“Rest. Heal. Sleep. I shall most likely kill you in the morning.”

And I would respond (as I still do): “Love you too dad.”


“Have fun storming the castle!”

(1) If you are not a fan of (or have ever seen *gasp*) the movie The Princess Bride, then this post might be a bit confusing to you.

(2) They were looking for my eejit first husband, who – among other things – decided he couldn’t be arsed to pay his taxes. Hurricane recovered from her initial shock to feed the agents pancakes. Along with every name and number in her address book she thought might help them.


Posted by on January 28, 2018 in BLOG DEPOSITS


Words About Self Care

Words About Self Care.

Most of us will agree that self-care is important. As a PGR (postgraduate research student) I hear the term tons, though in so many different contexts, it’s easy to see that there are many variations of how it is defined. According to my Facebook recommendations, self-care for me involves citrus bath salts and Groupons for golf specials in Barcelona. Um, Okay. (1)

Self-care is any activity that we do deliberately in order to take care of our mental, emotional, and physical health. And, if you are like me, and manage long-term conditions and/or the fallout of them, self-care is about understanding those and how to live with them.

Self-care is not to be confused with shopping therapy and self-indulgence, although for many this is a fine (invisible?) line. It’s tough, what with all the Treat Yo’ Self images for “self-care” that focus on green drinks in mason jars, gluten-free, fat-free, carb-free, non-caffeinated, protein-powdered, non-dairy foods (?) and skinny bitches doing impossible yoga positions on the oceanside dock of a resort in the tropics that cost more (per night) than I paid (total) for my first car.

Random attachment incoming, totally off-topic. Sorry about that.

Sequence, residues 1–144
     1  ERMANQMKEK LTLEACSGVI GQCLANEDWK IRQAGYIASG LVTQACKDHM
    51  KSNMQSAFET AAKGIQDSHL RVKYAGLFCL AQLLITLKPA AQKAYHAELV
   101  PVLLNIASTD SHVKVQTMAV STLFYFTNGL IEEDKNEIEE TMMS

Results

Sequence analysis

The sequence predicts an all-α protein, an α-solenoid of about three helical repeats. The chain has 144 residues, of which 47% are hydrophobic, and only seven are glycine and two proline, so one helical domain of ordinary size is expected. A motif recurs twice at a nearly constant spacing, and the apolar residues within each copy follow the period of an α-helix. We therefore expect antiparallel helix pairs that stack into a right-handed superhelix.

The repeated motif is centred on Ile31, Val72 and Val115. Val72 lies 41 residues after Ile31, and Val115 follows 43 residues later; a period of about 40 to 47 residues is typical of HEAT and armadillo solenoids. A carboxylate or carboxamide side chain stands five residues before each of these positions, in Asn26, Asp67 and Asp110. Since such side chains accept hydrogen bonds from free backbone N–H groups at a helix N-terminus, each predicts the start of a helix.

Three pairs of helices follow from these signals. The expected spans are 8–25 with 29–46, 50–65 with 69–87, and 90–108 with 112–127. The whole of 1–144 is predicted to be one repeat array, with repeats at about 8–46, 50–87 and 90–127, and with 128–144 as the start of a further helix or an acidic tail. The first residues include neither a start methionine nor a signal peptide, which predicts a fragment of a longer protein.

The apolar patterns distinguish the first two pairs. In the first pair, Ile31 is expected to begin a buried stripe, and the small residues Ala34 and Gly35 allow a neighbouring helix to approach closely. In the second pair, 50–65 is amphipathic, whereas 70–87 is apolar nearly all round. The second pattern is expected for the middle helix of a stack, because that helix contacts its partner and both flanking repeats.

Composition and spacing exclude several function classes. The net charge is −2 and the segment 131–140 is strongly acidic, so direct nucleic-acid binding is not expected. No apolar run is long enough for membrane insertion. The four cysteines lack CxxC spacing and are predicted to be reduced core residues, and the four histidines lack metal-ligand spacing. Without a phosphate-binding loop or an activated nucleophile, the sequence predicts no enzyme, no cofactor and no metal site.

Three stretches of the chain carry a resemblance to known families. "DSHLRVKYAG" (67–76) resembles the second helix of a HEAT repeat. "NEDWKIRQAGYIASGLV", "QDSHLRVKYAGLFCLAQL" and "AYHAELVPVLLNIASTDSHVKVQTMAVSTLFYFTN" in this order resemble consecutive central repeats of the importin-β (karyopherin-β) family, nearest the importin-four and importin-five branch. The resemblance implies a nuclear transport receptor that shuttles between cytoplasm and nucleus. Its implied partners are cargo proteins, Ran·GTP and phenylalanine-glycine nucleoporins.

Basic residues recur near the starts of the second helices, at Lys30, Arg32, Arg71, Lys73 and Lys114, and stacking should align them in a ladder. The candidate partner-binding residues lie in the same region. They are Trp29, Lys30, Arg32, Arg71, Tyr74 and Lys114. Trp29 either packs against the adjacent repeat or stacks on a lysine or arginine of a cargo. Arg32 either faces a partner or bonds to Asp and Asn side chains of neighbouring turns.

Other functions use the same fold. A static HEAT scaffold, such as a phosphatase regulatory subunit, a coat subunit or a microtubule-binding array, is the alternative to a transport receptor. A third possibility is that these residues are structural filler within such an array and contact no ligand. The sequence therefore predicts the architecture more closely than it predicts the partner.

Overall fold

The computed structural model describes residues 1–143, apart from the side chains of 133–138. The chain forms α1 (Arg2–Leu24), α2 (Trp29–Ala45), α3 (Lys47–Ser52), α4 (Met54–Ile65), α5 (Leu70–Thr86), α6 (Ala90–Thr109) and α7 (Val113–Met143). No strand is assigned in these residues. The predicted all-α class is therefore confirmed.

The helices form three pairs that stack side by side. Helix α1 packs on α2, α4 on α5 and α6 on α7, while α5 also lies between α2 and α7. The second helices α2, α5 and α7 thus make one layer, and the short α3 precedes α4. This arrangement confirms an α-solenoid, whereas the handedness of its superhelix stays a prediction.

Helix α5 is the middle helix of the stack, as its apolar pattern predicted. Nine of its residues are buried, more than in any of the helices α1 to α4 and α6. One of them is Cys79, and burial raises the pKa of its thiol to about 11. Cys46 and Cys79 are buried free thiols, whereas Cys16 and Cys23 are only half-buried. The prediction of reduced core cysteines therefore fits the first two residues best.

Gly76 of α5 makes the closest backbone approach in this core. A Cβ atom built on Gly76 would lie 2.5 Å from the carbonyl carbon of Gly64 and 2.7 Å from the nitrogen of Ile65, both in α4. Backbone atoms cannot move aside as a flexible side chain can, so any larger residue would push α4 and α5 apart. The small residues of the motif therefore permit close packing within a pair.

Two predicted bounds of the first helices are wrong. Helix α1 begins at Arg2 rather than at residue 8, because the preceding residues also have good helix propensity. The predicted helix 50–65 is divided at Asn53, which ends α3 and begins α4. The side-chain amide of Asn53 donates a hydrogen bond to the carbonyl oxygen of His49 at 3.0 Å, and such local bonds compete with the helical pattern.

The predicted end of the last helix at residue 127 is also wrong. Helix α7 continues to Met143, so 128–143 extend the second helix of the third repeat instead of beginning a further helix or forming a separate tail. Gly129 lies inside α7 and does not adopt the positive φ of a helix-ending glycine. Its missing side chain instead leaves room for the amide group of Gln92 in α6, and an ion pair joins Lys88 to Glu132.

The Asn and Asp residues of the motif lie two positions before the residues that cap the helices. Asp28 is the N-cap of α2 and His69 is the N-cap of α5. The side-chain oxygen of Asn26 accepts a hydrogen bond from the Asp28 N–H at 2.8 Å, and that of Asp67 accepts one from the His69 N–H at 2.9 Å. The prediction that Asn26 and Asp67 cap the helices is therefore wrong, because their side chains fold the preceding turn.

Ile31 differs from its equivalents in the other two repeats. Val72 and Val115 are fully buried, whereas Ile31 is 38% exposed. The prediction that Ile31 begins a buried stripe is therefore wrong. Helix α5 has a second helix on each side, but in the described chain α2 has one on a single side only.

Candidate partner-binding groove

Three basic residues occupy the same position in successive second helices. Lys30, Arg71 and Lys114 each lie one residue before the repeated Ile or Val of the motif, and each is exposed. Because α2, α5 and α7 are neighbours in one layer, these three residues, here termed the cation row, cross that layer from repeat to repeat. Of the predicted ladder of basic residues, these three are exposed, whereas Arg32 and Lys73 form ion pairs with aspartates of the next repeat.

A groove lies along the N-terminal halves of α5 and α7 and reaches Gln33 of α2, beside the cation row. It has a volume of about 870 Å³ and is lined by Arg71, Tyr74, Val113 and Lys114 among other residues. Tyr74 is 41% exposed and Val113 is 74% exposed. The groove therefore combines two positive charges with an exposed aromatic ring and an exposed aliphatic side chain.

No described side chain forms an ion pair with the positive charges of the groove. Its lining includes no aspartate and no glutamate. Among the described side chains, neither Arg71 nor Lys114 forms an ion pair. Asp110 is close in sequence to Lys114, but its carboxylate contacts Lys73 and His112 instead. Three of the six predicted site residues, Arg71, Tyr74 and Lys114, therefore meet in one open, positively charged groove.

Self Care in my 40s has taken many (mostly) positive forms. For instance, I take vitamins now instead of illicit drugs. That’s a start, right? I practice yoga. I take walks outdoors most every day. It’s not like we haven’t heard for years to eat better, be more active, and get more sleep. Why are these simple things so damn hard?

To combat the hours I sit on my ass at this laptop, I exercise. I engage in unsightly squats and terrifying sit-ups. I’ve even been known to jump on the rowing machine at the gym. (It doesn’t like this, BTW.) But my favorite form of self-care involves (of course) bespoke shoes. Fins, that is. That’s right, bitches. I swim.

I forego aquatic Mp3 kit and groovy swimming apps. My rotating arms calm my racing mind. In the chlorine, I listen to my breathing, I focus on my pacing, and I listen to my inner voices that the outside world often drowns out. In the water, I can hear the voice in my center when it says to me:

You can do this.

You are capable.

You are strong.

You are on the right path.

Oftentimes things that are heavy on my heart become weightless in the pool. A problem with my research that I can’t work through becomes fuzzy and floats away, and for an hour or so I think of other things. Or I think of nothing at all. My muscles, my memory, my form, my strokes are all that glide me through the chlorine. I’m not going to tell you that afterwards, all the solutions to my scholarly struggles melt away in the sauna, then congeal with clarity when I return to the laptop. But it has been known to happen. Clarity in the chlorine.

  1. Mental strength building (it’s not just me, it’s science!)
    Regular exercise reduces inflammation and insulin resistance in the brain, which fosters new brain cell growth, which is why it is often employed in ADHD therapies. Swimming allows you to burn off excess energy, which helps “train your brain” to concentrate on one thing for a longer time.
  2. It’s better than running.
    Q:What other cardiovascular activity works as many muscles at once more than swimming? Running, cycling, cart-wheels?
    A: NONE